Police shut down convenience mart during early morning search for paraphernalia
URBANA — Urbana police spent about two hours this morning searching an east Urbana convenience mart for drug paraphernalia and arrested two of its employees for allegedly selling it.
At 8 a.m. Thursday, police served a search warrant at the Home Run Food Mart, 1509 E. Washington St., U, closing the business while they looked for items commonly used to consume narcotics.
They also arrested Ramzi Alsaqri, 49, who listed an address in the 2300 block of Ironwood Circle, Champaign, and Mohammed Mahmoud, 27, who listed an address in the 2400 block of High View Court, Champaign, for unlawful sale of drug paraphernalia, a Class 4 felony. The men were arrested at the business.
Urbana police Lt. Bob Fitzgerald said police also served Alsaqri, whom he described as the president of the corporation that owns the Home Run, with a temporary order prohibiting the sale of liquor for seven days. A hearing on the business' package liquor license is scheduled before Mayor Pro Tem Charlie Smyth Tuesday, acting in his capacity as the liquor commissioner while Mayor Laurel Prussing is away.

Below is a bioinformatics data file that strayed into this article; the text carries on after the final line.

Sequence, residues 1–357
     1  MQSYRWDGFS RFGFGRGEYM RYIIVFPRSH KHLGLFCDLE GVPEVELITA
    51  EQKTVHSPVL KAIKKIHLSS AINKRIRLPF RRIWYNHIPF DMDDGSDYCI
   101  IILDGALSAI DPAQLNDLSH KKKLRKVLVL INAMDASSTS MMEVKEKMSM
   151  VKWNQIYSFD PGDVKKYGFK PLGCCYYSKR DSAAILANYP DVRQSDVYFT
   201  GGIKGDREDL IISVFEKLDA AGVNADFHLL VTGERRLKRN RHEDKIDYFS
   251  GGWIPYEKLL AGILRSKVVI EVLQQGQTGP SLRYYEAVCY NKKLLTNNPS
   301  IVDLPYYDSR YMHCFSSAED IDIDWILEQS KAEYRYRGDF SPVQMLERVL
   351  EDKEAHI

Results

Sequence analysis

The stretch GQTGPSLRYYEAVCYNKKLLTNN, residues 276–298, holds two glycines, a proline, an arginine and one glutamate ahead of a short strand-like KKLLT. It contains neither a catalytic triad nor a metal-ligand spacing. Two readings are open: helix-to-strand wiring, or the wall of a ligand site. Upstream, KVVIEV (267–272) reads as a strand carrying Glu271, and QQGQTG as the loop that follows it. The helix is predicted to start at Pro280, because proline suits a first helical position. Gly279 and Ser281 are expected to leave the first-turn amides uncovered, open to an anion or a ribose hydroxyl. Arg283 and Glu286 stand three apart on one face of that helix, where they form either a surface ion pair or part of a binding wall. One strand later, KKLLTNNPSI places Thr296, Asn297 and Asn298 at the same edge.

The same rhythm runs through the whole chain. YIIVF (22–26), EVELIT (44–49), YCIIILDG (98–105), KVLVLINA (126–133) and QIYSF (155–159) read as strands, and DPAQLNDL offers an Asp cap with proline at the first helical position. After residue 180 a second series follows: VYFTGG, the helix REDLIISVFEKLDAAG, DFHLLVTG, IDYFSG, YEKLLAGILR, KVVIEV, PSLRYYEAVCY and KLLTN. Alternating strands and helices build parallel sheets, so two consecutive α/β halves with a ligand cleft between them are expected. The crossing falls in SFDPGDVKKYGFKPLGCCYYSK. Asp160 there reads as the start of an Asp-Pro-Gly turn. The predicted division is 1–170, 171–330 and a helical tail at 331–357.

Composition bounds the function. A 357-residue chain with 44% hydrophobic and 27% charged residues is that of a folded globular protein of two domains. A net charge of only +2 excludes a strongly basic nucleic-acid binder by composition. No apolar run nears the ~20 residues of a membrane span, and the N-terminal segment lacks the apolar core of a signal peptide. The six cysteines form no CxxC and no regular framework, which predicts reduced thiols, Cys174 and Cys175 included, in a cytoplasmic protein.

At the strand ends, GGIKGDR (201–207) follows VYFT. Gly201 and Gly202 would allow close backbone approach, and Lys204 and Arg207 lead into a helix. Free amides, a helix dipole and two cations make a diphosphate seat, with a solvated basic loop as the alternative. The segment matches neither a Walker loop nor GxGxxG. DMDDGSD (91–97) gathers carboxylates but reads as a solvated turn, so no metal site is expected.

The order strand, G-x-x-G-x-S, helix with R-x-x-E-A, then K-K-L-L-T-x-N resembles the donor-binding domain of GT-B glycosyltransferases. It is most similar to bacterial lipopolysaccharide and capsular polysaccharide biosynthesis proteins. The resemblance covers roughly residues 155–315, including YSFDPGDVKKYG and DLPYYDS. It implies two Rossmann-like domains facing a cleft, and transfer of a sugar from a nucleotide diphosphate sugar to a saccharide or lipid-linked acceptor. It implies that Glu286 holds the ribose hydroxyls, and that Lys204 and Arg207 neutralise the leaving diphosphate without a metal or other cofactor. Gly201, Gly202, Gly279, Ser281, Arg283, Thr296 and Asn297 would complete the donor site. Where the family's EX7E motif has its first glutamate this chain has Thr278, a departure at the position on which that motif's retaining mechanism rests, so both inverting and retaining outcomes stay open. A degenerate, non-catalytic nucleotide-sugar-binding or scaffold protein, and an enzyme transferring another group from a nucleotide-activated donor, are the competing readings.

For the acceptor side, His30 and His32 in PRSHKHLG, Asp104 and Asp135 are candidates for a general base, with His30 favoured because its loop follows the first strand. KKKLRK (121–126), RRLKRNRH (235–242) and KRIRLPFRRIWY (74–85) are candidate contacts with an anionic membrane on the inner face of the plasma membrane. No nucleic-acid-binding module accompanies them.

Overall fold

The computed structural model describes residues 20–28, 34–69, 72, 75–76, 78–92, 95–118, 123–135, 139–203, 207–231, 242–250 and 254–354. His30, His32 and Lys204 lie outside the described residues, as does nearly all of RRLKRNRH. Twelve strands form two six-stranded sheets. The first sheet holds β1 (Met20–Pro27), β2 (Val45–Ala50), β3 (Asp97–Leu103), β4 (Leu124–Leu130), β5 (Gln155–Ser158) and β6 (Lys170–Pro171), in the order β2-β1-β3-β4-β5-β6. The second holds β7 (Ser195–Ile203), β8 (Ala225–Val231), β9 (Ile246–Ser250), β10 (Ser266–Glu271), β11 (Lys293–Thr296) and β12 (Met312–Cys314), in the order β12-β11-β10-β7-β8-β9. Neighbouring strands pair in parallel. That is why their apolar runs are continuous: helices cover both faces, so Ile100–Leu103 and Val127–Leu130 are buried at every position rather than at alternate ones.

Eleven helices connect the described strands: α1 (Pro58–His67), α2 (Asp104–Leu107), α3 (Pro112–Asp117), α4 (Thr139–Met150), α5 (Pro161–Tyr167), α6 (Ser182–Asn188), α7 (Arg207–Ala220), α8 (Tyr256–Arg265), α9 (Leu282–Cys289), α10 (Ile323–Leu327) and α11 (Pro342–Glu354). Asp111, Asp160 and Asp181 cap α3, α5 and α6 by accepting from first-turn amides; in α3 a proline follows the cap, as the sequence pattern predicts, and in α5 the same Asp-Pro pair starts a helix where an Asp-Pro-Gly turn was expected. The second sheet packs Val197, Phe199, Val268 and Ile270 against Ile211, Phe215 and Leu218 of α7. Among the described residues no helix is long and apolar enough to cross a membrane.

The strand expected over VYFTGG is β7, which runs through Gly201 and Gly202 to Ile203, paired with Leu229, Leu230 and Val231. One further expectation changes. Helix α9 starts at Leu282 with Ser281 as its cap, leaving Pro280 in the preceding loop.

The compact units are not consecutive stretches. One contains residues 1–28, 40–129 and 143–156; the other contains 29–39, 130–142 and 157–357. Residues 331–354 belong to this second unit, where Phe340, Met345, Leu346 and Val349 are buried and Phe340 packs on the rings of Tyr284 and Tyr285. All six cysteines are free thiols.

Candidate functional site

Fitzgerald said the business will not be able to reopen until the liquor is removed, which he expects will happen later Thursday when other employees arrive to do that. The business is free to sell other merchandise.
Earlier this week police obtained a search warrant for the business and the arrest warrants after an ongoing investigation revealed that store employees were illegally selling drug paraphernalia.
The food mart is a popular gathering spot for residents of the Lierman Avenue and Washington Street areas and one of the few commercial establishments that sells food or liquor in that area.
Fitzgerald said although the convenient mart itself is not often the subject of calls for police service, the area around it is and the city is doing what it can to improve the quality of life for residents there.
Having easy access to the materials to smoke crack cocaine, he said, "decreases the value of life in that area."
"We've worked with apartment owners and community groups to take away the stigma associated with South Lierman. It's not as bad as it was last summer. We're still having problems and we're trying to address those problems," he said, referring to a carjacking that happened Friday night and a recent home invasion.